After the district is created, $10 million in bond proceeds will be issued by the South Cobb Redevelopment Authority, and revenue from a property tax on commercial properties will be used to pay it off, according to Dana Johnson, deputy director of community development for the county.

Cupid wanted to assure residents of the area the district is designed to help them, not force them out.

“There is some concern that this district will displace the many residents who live along this corridor, and that is not the intent of this district. … Should the district be approved, my desire is to help the residents who live along Six Flags Drive (who have) been desiring the changes in that area … . It’s not to displace them so the residents can’t enjoy the benefits that can come from this district,” Cupid said.

Comments-icon Post a Comment
Holden Caulfield
July 22, 2014
I will NOT vote to tax myself and I will NOT vote for anyone who does vote to tax me. Enough is enough. Vote "NOP" for SPLOST.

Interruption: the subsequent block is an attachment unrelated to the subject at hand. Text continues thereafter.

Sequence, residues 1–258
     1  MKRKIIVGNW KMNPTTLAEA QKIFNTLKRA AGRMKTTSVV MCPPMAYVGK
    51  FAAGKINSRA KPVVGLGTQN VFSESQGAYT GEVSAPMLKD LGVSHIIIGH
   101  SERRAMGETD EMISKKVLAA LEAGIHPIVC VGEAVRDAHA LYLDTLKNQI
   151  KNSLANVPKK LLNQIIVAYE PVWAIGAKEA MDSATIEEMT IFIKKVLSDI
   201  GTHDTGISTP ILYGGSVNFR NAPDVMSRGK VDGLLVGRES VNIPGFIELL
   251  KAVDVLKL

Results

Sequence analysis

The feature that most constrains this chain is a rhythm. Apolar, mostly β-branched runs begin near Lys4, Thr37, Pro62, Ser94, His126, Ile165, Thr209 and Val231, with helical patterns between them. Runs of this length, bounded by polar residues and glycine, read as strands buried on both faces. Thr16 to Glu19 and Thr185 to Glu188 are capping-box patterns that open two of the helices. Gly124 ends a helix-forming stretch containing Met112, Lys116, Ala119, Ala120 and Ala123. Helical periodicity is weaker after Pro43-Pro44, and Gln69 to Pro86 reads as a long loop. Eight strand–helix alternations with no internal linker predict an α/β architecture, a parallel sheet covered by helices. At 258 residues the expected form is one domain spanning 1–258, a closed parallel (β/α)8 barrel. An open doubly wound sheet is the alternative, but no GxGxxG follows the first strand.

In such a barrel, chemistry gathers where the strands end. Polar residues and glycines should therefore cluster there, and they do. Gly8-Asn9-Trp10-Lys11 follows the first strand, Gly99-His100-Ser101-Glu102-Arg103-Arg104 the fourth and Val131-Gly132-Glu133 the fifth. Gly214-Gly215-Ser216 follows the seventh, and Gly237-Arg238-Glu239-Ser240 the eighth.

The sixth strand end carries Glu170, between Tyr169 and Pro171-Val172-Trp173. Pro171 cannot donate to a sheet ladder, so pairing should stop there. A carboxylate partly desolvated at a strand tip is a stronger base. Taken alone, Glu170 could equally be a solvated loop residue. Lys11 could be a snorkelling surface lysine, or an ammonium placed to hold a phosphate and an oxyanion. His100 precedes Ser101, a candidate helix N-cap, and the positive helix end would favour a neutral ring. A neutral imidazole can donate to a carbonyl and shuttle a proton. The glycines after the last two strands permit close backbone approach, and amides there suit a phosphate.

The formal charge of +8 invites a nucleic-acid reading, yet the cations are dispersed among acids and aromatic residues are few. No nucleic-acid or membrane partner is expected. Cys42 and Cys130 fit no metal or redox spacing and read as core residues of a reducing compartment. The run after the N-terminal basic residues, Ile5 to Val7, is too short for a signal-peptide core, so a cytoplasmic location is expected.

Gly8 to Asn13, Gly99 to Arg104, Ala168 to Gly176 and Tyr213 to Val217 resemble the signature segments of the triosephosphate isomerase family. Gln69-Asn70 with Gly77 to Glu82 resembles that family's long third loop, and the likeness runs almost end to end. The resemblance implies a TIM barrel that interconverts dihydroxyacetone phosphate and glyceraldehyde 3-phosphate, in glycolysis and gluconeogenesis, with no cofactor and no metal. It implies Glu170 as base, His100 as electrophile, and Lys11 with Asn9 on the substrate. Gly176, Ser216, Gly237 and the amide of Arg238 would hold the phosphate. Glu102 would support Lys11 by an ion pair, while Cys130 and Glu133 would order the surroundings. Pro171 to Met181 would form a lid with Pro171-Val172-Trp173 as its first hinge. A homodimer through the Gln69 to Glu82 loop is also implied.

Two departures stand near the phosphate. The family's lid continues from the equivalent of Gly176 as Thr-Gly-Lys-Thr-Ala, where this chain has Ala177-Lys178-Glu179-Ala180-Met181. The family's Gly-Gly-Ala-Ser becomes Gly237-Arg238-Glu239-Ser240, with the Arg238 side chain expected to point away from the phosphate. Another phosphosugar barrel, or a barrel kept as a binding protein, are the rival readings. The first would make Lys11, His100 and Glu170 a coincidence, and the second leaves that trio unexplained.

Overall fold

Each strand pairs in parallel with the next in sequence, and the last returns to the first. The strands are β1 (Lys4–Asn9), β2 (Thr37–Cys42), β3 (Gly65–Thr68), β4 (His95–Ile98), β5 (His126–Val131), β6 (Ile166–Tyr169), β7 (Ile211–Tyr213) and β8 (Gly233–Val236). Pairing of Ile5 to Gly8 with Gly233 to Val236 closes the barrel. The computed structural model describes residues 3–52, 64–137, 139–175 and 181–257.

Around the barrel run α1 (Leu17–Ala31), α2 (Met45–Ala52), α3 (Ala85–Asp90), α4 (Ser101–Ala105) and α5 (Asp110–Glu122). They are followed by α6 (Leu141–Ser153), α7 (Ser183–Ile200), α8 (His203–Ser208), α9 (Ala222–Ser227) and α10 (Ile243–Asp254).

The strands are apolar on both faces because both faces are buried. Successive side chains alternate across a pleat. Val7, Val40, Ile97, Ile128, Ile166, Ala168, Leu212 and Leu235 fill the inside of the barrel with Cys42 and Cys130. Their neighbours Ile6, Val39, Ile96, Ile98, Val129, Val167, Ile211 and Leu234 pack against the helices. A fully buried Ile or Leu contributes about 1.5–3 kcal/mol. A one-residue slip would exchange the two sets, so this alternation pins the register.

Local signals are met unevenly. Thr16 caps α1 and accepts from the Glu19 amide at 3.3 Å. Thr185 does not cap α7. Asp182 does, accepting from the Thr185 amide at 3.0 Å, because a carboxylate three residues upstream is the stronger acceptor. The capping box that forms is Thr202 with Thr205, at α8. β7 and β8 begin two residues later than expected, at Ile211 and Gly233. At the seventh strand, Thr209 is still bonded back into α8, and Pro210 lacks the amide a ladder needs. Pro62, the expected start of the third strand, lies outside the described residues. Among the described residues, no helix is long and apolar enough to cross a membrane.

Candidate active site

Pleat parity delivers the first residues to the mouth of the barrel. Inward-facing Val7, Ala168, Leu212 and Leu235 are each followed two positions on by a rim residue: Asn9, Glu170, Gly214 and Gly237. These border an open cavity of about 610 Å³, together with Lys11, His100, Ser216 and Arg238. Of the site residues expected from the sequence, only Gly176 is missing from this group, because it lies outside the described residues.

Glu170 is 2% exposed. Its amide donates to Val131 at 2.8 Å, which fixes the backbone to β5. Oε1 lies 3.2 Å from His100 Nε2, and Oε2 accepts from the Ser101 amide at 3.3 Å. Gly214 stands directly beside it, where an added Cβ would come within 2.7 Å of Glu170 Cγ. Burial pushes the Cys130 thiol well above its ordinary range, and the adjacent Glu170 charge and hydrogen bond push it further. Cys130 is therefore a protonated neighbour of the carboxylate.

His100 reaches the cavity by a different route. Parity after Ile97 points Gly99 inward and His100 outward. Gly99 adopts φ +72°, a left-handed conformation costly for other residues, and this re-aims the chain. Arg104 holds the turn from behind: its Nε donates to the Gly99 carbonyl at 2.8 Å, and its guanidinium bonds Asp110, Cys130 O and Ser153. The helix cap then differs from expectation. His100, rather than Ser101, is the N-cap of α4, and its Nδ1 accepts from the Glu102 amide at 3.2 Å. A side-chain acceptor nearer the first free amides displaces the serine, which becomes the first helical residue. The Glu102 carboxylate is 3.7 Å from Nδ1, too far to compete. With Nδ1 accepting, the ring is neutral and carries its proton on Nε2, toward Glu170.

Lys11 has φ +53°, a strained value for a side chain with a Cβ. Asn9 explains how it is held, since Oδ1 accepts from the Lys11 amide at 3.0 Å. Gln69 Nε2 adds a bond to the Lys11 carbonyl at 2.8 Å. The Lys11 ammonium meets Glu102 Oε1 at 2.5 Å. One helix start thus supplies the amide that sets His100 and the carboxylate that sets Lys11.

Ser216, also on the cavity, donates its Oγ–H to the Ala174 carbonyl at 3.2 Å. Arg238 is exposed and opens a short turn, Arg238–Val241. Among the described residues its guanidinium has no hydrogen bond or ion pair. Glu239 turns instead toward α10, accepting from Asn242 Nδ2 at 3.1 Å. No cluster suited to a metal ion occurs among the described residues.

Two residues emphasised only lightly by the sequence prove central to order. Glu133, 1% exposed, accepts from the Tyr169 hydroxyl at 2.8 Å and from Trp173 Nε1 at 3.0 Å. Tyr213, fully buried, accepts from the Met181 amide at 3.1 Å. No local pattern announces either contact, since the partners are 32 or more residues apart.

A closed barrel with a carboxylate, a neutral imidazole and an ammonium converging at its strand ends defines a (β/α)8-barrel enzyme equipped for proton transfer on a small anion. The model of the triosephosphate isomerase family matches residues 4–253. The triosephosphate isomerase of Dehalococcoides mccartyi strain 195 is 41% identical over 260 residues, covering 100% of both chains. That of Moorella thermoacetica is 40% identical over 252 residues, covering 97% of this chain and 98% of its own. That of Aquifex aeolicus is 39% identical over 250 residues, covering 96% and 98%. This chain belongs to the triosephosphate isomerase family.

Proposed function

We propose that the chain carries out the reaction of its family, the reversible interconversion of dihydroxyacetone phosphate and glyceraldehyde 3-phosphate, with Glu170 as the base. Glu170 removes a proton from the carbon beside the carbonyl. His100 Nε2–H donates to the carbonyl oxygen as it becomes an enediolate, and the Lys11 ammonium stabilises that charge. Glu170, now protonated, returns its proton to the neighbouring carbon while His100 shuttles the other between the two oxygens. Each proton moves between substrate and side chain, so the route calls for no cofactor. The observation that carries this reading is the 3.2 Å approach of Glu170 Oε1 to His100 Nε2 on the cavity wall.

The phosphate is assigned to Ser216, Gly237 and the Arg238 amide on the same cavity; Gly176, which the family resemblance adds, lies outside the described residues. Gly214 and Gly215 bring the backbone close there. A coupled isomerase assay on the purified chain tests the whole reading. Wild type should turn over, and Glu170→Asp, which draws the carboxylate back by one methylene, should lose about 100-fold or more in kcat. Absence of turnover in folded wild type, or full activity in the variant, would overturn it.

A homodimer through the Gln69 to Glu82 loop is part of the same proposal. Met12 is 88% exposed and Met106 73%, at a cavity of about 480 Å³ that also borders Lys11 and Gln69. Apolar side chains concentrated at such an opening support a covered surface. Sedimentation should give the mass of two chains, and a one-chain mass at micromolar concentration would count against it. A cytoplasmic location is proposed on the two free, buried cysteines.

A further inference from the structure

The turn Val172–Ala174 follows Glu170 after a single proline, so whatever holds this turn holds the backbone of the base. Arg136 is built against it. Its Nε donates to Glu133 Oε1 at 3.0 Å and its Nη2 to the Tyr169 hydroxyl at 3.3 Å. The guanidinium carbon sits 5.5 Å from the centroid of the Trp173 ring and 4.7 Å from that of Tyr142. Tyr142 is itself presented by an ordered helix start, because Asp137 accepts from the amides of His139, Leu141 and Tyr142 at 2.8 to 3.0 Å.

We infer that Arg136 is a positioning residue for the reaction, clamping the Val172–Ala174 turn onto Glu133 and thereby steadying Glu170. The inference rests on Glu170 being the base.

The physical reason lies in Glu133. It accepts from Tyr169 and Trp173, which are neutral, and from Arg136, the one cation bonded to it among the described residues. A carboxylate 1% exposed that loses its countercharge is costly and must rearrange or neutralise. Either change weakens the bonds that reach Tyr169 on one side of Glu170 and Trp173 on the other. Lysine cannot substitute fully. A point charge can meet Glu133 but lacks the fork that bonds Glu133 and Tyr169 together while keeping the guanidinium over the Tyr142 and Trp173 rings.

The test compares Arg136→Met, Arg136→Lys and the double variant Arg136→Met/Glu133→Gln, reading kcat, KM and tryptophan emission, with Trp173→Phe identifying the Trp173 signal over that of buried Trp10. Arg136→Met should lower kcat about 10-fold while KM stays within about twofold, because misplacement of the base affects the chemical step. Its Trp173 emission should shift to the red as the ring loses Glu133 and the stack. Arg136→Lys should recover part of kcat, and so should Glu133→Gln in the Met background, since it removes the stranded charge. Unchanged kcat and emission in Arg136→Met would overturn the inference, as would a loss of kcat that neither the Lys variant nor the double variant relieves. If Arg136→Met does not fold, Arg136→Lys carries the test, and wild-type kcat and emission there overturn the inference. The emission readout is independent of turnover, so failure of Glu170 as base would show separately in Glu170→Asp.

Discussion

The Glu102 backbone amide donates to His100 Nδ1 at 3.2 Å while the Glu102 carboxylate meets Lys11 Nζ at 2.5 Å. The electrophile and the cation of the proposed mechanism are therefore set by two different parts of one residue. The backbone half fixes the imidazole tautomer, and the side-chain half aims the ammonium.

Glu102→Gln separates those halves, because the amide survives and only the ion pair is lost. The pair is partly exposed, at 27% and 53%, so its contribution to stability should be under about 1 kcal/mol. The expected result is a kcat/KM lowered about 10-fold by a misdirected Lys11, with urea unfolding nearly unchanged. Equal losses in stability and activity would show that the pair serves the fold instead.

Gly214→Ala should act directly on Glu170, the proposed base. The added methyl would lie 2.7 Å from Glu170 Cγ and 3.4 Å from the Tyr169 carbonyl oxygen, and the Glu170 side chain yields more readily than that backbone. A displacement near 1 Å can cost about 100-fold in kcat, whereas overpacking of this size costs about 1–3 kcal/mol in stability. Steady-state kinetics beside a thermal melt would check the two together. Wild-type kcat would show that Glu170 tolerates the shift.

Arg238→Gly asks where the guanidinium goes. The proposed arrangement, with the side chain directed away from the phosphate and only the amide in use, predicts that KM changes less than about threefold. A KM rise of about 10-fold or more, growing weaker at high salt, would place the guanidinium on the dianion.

Be Careful
July 22, 2014
Dear "More lanes'll fix it",

The initial cost of mass transit covered by trhe SPLOST is nothing but a fraction of a drop in the bucket of what it will cost long term.

Look at the plans for most rail lines, let's use the proposed MARTA line up Ga 400 as an example.

a BILLION or so just to build it. And by the way, they say it will take 15 YEARS to build it.

Then there's the upkeep which will be MILLIONS a year.

Yes, I would rather buy a new car every 5 years, thank you very much.

The new street car in Atlanta.

$100 MILLION to build 2.7 miles of track (which is in a figure 8 so it really only covers 1.3 miles of actual distance). That's almost $50 MILLION a mile. And now the Atlanta council says it will cost a minimum of $1 MILLION a year to run it.

This will be a money pit.

July 22, 2014
Government believes it can spend your money better than you can.

Taking money away from an existing business, and giving it to a new investor to start a new business.

When Government picks between winners and contributors, winners always loose.
commom sense
July 22, 2014
Just say NO.
Dave Z
July 22, 2014
I'm glad to see that proposed police precinct 6 has been upgraded from tier 2 to tier 1.

Other than that, very few changes of note between the July 7th and July 21st drafts, which should come as a surprise to no one.